IT is not often that we agree with every word that the Home Secretary, Priti Patel, says, but in the wake of the death of Sarah Everard, she said: “Every woman should feel safe to walk our streets without fear of harassment or violence.”

She is right, but, sadly, this is not the situation many women find themselves in.

The Metropolitan Police commissioner Cressida Dick said that murderous assaults are, thankfully, rare – although MP Jess Phillips said yesterday that six women and one girl have been killed by men in the week that Sarah had been missing.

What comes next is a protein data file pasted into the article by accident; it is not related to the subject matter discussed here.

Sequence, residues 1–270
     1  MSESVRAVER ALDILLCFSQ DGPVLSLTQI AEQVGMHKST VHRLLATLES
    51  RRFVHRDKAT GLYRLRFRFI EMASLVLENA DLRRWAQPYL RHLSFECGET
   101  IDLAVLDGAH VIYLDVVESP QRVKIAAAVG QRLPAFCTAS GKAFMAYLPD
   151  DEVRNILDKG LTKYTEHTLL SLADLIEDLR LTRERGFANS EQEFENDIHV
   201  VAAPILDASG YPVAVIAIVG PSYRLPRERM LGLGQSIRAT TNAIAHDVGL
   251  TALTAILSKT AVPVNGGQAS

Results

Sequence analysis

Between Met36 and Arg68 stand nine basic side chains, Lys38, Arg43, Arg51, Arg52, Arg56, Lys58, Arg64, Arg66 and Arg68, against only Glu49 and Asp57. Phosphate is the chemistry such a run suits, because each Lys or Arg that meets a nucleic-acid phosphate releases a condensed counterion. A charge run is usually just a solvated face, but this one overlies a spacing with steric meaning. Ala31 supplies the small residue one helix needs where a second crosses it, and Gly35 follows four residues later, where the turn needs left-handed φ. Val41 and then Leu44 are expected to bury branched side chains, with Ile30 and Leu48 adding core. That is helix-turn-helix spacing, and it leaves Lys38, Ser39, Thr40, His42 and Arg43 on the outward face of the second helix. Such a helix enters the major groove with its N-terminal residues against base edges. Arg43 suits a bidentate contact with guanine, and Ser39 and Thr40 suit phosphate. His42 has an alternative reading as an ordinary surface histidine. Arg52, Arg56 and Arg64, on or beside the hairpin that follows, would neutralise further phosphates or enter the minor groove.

And Sarah’s tragic case has allowed women to explain how they do suffer harassment, if not violence, from men, and how many have developed strategies and tactics to cope.

That is sensible and it is understandable, but it is not right.

It is as if we are teaching women to be scared or they need to take precautions just to stay safe when really it is men who need to up their game and ensure the streets are safe.

Society has moved on in recent decades, and that process needs to continue, perhaps with young men being taught more about respect. It is telling that there are no obvious answers to reach for and that is because we haven’t had this debate. Now is the time.